Design/methodology/approach

A prospective study of 100 case notes from elective and emergency admissions was undertaken. The completeness of various parts of the history and the recording of the vital signs were compared between nurses and house officers.

Findings

The Past Medical History was complete in only 30 per cent of the house officers' notes and 42 per cent of nursing records. The social history was complete in all the nursing records but only 35 per cent of the doctors' notes. Nurses recorded a complete personal history more than doctors (62 per cent v. 13 per cent respectively). The drug history was poorly recorded in house officers' notes, being complete in 22 per cent, whereas this was complete in 73 per cent of nursing records. The record of the history of allergies was poor in both groups at just over 10 per cent. Finally 87 per cent of nurses managed to record vital signs but these were missing from nearly half of the house officers' notes.

Originality/value

The study has shown that details of the generic medical history are recorded more completely by the nursing staff and only they should record this information. This will allow junior doctors more time to deal with the increased demands and reduced hours of work.

Details

Leadership in Health Services, vol. 20 no. 4
Type: Research Article
ISSN: 1751-1879

Keywords

Article
Publication date: 1 January 1989

Derryan Paul

The growth of interest in local history shows no sign of dyingdown. Public libraries have clearly been affected by the increasingnumber of people who use them and by the…

Abstract

The growth of interest in local history shows no sign of dying down. Public libraries have clearly been affected by the increasing number of people who use them and by the foundation of new societies and journals. Equally great, but perhaps less obvious, is the impact made by certain specific developments. Local history is now integrated into the educational curriculum at all levels, it is the subject of radio and television programmes and has grown in popularity with publishers of monographs. The ways in which local studies libraries have been affected by these factors are examined. Public libraries are concentrated on, though there is some reference to local collections in academic libraries. In conclusion, it is suggested that staff should be specifically allocated to an education service and to media liaison work, and that one librarian should specialise in acquisitions.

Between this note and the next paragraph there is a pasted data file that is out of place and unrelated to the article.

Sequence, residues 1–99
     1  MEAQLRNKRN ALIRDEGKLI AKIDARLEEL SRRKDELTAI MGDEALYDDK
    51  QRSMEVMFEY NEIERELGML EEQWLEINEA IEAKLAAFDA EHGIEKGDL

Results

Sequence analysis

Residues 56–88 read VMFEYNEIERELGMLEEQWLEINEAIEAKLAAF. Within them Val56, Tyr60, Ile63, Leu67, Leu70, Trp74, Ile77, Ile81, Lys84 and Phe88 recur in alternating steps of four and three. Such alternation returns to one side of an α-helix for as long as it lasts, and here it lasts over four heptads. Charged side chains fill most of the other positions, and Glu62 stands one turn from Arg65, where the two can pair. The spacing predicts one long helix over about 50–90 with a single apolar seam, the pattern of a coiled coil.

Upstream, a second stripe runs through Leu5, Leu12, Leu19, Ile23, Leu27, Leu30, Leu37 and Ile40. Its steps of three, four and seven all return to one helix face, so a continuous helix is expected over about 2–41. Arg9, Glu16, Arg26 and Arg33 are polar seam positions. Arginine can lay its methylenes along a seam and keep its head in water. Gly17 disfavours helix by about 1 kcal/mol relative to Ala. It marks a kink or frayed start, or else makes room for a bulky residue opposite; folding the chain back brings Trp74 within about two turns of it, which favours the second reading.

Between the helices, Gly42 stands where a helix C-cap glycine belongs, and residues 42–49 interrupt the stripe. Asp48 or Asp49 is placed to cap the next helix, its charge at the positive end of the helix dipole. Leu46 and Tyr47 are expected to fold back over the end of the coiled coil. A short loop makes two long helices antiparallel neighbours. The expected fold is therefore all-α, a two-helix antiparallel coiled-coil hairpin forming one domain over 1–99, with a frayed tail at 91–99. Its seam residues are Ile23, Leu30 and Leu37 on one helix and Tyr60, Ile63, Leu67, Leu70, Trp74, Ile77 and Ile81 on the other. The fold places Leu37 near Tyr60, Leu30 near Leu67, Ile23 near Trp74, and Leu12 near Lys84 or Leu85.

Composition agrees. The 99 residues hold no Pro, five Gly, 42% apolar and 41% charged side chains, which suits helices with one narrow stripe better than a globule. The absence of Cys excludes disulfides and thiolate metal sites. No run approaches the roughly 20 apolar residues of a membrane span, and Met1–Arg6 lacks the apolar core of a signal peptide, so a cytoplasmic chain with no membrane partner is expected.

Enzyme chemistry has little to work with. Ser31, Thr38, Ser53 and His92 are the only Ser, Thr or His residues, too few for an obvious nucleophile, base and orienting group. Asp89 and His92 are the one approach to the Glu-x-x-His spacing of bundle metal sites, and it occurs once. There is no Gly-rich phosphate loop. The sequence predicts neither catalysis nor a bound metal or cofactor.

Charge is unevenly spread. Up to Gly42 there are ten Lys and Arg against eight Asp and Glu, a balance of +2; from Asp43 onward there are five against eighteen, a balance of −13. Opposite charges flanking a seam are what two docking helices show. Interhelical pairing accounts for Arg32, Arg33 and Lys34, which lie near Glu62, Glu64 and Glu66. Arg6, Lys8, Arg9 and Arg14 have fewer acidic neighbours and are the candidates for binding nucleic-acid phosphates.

Details

Library Review, vol. 38 no. 1
Type: Research Article
ISSN: 0024-2535

Keywords

Article
Publication date: 1 August 1999

Jane Whitney Gibson, Richard M. Hodgetts and Charles W. Blackwell

This paper reports the results of a Management History Division survey within the Academy of Management which investigated the current status and future direction of…

3134

Abstract

This paper reports the results of a Management History Division survey within the Academy of Management which investigated the current status and future direction of management history teaching in the management curriculum and the role and direction of the Management History Division in general. Comparisons were made to a similar 1989 survey. While management history as a separate course remains elusive, management history continues to be taught in other mainstream management courses. The role of the Management History Division is seen as critical in encouraging others to teach management history. Significant accomplishments have been made in this area since the earlier survey including an expanded Executive Committee, a revised newsletter, new awards for service in the field, and the initiation of the Journal of Management History as an outlet for publication in the field.

Details

Journal of Management History, vol. 5 no. 5
Type: Research Article
ISSN: 1355-252X

Keywords

Article
Publication date: 1 January 1993

Beverley Sparks

Guest history is a valuable service and marketing tool. Inparticular, it is likely to become a strategic device for thedevelopment of brand loyalty in the 1990s. Reports…

Abstract

Guest history is a valuable service and marketing tool. In particular, it is likely to become a strategic device for the development of brand loyalty in the 1990s. Reports on a nationwide Australian study of 121 hotels′ use of guest history, and describes some of the key opportunities for optimizing the guest history function. The findings suggest that while guest history is being widely utilized by hotels, the extent of that utilization is limited. Three major areas for developing strategies to optimize the guest history function were found to include: specific guest history training modules; an internal service orientation emphasizing the organization‐wide usage of guest history to service the customer better; and further enhancement of the use of guest history for increasing brand loyalty.

Details

International Journal of Contemporary Hospitality Management, vol. 5 no. 1
Type: Research Article
ISSN: 0959-6119

Keywords

Article
Publication date: 1 November 2006

Kay A. Chick

This research study evaluated K-12 American history textbooks for gender balance. Elementary, middle school, and high school texts were assessed for the number of male and…

Abstract

This research study evaluated K-12 American history textbooks for gender balance. Elementary, middle school, and high school texts were assessed for the number of male and female historical figures in text content and illustrations. Significantly more males than females were found at all levels in both content and illustrations, and all differences were significant at the .001 level. However, American history textbooks do include more women than in previous editions and since the publication of the National History Standards. The challenges of defining gender balance are discussed, and recommendations for teachers and textbook adoption committees are presented.

Details

Social Studies Research and Practice, vol. 1 no. 3
Type: Research Article
ISSN: 1933-5415

Abstract

Details

Insights and Research on the Study of Gender and Intersectionality in International Airline Cultures
Type: Book
ISBN: 978-1-78714-546-7